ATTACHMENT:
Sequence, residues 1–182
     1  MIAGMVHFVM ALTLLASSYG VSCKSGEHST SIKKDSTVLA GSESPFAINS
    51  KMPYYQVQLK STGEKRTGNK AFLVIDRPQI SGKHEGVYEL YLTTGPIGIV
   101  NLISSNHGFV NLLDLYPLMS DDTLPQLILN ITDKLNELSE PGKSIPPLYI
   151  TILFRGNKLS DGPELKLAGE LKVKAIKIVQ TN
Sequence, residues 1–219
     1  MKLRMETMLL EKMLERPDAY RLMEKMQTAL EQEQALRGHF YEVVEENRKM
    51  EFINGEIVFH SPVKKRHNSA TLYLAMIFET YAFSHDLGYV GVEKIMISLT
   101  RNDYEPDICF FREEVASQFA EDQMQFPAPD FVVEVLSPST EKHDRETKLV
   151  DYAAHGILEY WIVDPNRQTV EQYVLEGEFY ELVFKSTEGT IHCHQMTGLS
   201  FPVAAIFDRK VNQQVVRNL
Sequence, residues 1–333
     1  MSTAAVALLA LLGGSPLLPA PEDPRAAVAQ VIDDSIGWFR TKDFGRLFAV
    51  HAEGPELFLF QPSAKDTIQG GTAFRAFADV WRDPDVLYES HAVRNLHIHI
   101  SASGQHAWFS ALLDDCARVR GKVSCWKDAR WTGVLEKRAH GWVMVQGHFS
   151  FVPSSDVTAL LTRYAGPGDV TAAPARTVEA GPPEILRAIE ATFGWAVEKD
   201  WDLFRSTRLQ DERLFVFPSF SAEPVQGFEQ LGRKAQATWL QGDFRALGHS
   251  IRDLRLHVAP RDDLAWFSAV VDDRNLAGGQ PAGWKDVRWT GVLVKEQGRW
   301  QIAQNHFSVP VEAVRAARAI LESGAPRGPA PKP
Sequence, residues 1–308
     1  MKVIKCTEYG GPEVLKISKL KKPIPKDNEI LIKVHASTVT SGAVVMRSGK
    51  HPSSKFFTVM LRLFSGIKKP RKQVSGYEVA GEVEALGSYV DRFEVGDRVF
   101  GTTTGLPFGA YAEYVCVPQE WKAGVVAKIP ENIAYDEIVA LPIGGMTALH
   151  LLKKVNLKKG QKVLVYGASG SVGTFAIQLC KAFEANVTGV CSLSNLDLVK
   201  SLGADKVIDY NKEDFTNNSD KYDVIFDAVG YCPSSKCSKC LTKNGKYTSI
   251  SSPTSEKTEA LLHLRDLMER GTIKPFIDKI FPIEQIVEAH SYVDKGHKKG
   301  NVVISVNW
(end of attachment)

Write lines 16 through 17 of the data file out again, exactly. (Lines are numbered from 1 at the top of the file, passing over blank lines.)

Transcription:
   151  FVPSSDVTAL LTRYAGPGDV TAAPARTVEA GPPEILRAIE ATFGWAVEKD
   201  WDLFRSTRLQ DERLFVFPSF SAEPVQGFEQ LGRKAQATWL QGDFRALGHS